Even after the establishment of the society and allocation of functions to each group among the members of the society, the Purusha was not satisfied. He felt something missing on account of the possibility of exploitation of the weak by the strong.  He identified this problem and found the solution to this possible occurrence by projecting a particular form which is called dharma as the power to check injustice and regulate the affairs of the society. Dharma or justice is considered to be fiercer even than the fierce Kshatriya. The mantra says “there is nothing higher than justice. So even a weak man hopes to defeat a stronger man through justice, as one does with the help of a king”.

Truth is the understanding of things in accordance with the scriptures, which contain records of the true experiences of the ancient seers. It is the same thing that when practiced, is called justice and when understood in accordance with the scriptures, is called truth. Therefore the mantra says that which is justice is truth.

Justice (Dharma) in its double aspect of theory and practice controls all – those who know the scriptures as well as those who do not. If a person is in doubt about the true import of scriptures, he should ascertain it by observing what is practiced by good people. Again, if he is in doubt regarding the conduct of good people, he should ascertain its meaning from the instructions of the scriptures.  Thus justice and truth are mutually dependent.

Dharma which denotes law or justice is that by which unruly impulses are controlled. Even kings are subordinate to dharma, to the rule of law. Dharma is not made in the interests of the strong. It cannot be arbitrary. It is the embodiment of truth. Hence the mantra says “Verily that which is justice is truth. Therefore if a man speaks the truth, they say he speaks what is just and if he speaks what is just, they say he speaks the truth; verily both these are the same”. Satya and Dharma, truth and justice, are organically related.


This mantra says that Prajapati classified gods and men into these four groups for the effective performance of Vedic rituals.


This mantra discusses about the inter-dependence of different groups of people in the society. All beings in the relative universe, from the gods to the ants, are also slaves of desires which are satisfied through the fulfillment of their duties to one another. The cosmic process reveals the inter-dependence of men, the gods, the rishis, the Manes, and the animals. Duties to men are discharged through giving of shelter to guests and strangers, to the gods through the offering of oblations, to the rishis through the study of scriptures, to the Manes, through the begetting of children, to the animals by offering them fodder and water. These duties constitute an important factor in the Hindu ethics which believes that the gods, the rishis, the Manes, etc., protect men from injury because of these offerings.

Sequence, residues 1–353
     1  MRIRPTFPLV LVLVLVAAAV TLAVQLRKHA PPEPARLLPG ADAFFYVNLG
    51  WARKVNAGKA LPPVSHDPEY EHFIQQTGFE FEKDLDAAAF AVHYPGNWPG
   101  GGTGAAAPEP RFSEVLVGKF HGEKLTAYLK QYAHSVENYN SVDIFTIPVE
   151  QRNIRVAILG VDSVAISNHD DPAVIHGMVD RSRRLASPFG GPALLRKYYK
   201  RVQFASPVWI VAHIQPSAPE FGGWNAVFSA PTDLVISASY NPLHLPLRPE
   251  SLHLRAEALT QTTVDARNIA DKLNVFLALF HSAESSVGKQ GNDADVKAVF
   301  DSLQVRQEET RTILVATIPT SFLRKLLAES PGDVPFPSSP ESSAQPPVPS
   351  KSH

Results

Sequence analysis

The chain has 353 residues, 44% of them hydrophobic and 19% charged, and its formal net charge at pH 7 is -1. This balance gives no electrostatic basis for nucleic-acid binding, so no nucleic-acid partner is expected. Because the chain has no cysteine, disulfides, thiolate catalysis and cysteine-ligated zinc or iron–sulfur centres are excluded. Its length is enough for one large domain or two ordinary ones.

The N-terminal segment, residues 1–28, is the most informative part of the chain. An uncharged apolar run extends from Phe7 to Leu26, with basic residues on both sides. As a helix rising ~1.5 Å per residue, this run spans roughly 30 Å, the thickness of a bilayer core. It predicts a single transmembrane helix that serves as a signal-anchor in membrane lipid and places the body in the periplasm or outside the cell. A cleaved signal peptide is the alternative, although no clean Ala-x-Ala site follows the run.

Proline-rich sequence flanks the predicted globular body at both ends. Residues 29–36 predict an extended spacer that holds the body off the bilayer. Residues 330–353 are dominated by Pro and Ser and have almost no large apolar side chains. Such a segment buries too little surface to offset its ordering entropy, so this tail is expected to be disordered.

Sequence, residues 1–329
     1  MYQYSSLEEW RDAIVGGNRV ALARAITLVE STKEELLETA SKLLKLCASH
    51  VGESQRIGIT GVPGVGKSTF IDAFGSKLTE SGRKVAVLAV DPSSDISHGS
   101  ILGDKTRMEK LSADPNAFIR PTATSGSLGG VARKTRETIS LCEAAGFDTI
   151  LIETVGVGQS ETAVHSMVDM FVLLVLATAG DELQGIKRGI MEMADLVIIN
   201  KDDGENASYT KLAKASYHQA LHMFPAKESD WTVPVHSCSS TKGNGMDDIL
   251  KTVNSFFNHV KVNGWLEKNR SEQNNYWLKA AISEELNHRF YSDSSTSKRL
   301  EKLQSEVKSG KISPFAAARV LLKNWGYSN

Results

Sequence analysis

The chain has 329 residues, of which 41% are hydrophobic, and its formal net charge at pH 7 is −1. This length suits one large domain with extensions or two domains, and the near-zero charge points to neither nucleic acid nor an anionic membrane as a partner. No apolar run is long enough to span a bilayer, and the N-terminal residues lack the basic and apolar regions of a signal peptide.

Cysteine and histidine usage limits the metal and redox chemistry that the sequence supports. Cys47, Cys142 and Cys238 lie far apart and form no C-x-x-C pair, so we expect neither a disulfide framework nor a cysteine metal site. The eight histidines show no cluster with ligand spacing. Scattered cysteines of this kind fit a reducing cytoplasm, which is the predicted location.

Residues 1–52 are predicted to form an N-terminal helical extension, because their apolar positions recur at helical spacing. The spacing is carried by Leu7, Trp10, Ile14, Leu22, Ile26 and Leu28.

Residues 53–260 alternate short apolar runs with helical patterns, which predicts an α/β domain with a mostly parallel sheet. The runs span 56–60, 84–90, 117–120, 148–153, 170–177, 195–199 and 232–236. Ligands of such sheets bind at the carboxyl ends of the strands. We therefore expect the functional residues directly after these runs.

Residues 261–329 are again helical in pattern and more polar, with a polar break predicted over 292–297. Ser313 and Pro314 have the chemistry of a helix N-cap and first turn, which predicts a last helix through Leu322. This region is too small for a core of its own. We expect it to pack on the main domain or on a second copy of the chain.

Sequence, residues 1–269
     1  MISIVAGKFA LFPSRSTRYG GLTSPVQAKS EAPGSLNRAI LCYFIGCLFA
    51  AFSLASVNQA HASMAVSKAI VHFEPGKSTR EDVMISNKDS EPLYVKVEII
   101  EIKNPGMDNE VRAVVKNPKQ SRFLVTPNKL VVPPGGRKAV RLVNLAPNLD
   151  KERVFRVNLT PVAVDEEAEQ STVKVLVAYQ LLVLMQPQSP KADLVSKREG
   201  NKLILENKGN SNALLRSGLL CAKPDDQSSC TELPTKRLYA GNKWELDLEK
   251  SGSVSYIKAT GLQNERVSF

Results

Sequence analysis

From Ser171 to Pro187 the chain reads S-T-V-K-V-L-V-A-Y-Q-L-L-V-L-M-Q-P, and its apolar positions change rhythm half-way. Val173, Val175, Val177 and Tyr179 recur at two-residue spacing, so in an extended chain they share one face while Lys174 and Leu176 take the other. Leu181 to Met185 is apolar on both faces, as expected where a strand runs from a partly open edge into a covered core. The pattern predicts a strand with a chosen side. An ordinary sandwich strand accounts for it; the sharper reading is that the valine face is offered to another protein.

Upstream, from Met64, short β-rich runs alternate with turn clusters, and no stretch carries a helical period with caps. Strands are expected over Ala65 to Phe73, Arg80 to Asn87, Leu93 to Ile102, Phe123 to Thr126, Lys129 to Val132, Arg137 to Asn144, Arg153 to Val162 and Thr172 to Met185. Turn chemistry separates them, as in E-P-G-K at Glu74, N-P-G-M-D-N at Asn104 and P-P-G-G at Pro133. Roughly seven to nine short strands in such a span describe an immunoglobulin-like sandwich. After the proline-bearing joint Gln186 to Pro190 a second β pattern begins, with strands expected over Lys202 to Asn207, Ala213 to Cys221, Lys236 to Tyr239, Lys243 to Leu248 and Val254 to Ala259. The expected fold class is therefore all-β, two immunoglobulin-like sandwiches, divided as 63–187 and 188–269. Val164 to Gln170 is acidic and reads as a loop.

The same idea is established in the theory of five great sacrifices pancha maha yajnah: bhuta yajna, manushya yajna, pitri yajna, deva yajna, and brahmayajna,  sacrifice for animals, men, manes, gods and seers.


The question why man prefers the bondage of ritualistic work when he can rid himself of the bondage of duty by knowing Brahman is answered in this last mantra of this Brahmana.

There are two natural urges inherent in mankind. They are desires to have a wife and to possess wealth. The entire range of multiple desires of man can be grouped under these two categories (kamini and kanchana as Sri Ramakrishna puts it); there cannot be any desire outside the scope of these two categories. The scriptures declare these are natural urges. Wife and wealth and the consequences arising therefrom constitute the entire work of earthly and heavenly longing of man. So when man is alone devoid of these two, wife and wealth, he feels a sense of incompleteness or void, until he gets any one of them. When he gets wife or wealth or both he is supposed to have attained the fulfillment of his desires. But rarely does it happen so.

Many times, even after fulfilling these inner urges he is haunted by a sense of dissatisfaction and incompleteness. Then how to get complete satisfaction? This mantra suggests a meditation by which these natural urges can be converted into spiritual energy; under this matters which are considered external and disconnected are brought within the realm of one’s own self.

The seeker has to imagine his mind as his self, because the mind is the chief of the organs as the rest of the organs follow the mind. Then he has to imagine speech as his wife as speech follows the mind. Similarly vital breath is to be considered as his child, the eye as his human wealth, the ear as his divine wealth, and the entire body as his instrument of rites for he performs rites through his body. For a man who considers himself incomplete, completeness can be achieved in this way through imagination just as it can be brought about through wife etc. This sort of yajna can be performed through meditation even by one who does not perform rites. He, who imagines himself to be the sacrifice consisting of these five factors viz., mind, speech, vital breath, ear and eye, which are the main five avenues for action, realizes the universe as his own self.



[To be continued]

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